Oh, and as far as we know, our house is still standing in Chennai and our cats aren't dead. So all is well.

Sunday, December 23, 2007

Two days before Christmas...

And yes, I'm tired of the cold. Only a few more weeks of frigidness before we're back to the toasty warm shores of south Asia.

But in the meantime...

We're having a great time in Virginia. Last night we had dinner at Silverado in Annandale and though I'm still on and off ill it was amusing to hear the waitress ask rather worriedly if Ian's steak was OK. He only managed to eat about 10 oz of a 14 oz medium-cooked ribeye steak, more beef in one sitting than he's eaten in the past several months. Aside from Nicholas devouring his cheeseburger, no one finished their meal. Portion sizes are a little unnerving.
We've shopped and shopped. The Christmas tree is nauseatingly full. Our tradition is to open gifts after Midnight Mass, so 8 people's worth of gifts starting at 2 a.m. can lead to a very long night. We've also shopped for items we need at home, like cold cream to remove indelible face paint.
We're still waking up early and going to bed early too. But today is Sunday and we're looking forward to a day of church and football.

Monday, December 17, 2007

Moules et Frites

Seems we've eaten our weight of mussels in Brussels. Thoroughly enjoying our time and apparently with the deep freeze of the U.S. we're getting a good introduction to the cold over here in Belgium, it's downright frigid when the wind gusts. Katherine has declared that she loves Europe, and Brussels is definitely an easy introduction to this amazing continent.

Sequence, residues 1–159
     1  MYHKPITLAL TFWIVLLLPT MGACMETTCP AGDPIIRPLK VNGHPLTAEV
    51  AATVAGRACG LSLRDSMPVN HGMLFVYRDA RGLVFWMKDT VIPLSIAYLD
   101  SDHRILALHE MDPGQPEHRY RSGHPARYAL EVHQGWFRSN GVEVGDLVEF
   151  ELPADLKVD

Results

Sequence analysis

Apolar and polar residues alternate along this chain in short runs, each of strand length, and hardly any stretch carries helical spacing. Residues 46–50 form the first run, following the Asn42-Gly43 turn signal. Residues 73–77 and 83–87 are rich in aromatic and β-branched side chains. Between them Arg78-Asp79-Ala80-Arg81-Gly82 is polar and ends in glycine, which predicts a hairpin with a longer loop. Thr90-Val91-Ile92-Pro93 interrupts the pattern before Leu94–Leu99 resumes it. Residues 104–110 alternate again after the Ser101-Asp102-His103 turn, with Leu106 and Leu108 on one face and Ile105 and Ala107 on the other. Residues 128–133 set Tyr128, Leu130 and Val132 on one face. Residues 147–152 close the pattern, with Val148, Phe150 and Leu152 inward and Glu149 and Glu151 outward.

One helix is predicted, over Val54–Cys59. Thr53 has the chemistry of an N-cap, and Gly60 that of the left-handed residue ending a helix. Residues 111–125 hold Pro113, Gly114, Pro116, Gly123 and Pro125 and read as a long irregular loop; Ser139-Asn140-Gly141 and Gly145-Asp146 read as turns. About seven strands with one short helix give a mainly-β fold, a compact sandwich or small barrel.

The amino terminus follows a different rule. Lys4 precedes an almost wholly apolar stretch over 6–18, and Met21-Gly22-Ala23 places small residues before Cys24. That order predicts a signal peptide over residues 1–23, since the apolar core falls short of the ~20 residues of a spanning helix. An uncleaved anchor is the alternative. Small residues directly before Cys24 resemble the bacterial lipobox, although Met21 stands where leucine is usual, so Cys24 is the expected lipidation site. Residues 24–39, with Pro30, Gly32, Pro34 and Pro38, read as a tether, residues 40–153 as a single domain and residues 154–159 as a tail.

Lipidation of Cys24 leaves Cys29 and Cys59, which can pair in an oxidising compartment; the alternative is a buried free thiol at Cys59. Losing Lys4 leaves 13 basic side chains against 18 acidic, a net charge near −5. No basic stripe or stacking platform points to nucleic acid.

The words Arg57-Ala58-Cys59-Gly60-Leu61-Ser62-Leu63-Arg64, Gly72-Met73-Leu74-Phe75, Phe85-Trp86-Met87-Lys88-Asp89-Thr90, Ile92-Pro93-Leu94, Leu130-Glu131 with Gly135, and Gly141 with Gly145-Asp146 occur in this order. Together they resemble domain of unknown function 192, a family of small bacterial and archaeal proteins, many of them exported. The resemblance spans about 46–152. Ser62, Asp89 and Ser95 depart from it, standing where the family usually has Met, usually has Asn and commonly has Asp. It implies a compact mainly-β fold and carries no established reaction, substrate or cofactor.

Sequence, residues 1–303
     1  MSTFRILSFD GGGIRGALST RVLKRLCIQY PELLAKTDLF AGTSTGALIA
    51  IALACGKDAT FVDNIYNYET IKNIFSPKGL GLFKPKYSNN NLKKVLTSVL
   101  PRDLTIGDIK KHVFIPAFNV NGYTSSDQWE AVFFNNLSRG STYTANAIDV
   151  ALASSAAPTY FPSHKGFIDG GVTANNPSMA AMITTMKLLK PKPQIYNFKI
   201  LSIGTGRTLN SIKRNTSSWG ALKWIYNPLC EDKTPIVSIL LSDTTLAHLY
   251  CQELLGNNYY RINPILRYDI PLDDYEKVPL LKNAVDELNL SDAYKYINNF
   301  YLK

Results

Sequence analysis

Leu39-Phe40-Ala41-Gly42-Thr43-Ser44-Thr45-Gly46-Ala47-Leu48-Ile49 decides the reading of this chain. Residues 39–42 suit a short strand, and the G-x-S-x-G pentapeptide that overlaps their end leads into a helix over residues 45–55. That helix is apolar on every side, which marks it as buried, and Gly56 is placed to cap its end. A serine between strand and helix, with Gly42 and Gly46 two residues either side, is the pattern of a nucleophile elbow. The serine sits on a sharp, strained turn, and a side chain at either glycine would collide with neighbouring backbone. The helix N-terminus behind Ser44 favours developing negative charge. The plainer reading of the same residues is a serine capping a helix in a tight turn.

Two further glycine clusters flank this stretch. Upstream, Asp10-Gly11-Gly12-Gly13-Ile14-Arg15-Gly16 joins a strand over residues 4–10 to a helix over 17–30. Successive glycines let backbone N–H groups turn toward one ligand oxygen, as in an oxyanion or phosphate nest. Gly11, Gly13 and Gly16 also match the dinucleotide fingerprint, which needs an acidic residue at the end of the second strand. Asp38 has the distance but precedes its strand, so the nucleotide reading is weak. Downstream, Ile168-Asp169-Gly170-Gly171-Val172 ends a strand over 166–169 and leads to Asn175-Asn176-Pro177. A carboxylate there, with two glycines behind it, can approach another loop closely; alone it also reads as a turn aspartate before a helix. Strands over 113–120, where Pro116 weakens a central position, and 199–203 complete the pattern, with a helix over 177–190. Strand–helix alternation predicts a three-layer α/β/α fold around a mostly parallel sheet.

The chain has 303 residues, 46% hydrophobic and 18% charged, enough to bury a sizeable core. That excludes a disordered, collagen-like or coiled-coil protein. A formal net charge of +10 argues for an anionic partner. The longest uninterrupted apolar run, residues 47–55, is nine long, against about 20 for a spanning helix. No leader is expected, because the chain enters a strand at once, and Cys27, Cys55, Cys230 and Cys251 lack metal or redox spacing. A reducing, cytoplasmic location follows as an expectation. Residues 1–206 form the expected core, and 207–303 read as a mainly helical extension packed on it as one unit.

More later, we're on to Virginia tomorrow, just wanted to say we're alive and doing well and just having fun.

Thursday, December 13, 2007

Final Words?

If you have recommendations of Things Not To Miss in any of our destinations, shout out now with a quick e-mail. We're just about packed and our schedule is as well. I think we're ready.

Wednesday, December 12, 2007

Did you miss us?

We were offline for nearly a week, and no one noticed? Pshaw. Well, it's probably best that way as last week devolved into a soupy mess of misery and a serious questioning as to whether or not this parenting thing was working out. If I'd been on-line you would have heard how I got a call from the Middle School principal about Katherine talking back to her science teacher. You would have heard about Katherine losing her shoes at the Elementary School winter program because she took them off to play with her friends and then... well... lost them. You would have heard about getting a phone call from Jonathon's teacher about how his behavior has plummeted and how he regularly waltzes into class well after the recess bell rings. You would have heard how Saturday morning I was cleaning up the living room and found a week's worth of incomplete homework that apparently slipped Nicholas's mind every day I asked "Do you have homework to do?" You would have heard about Nicholas losing his shoes at an outdoor Christmas party because he kicked them off and couldn't fathom where they'd gone.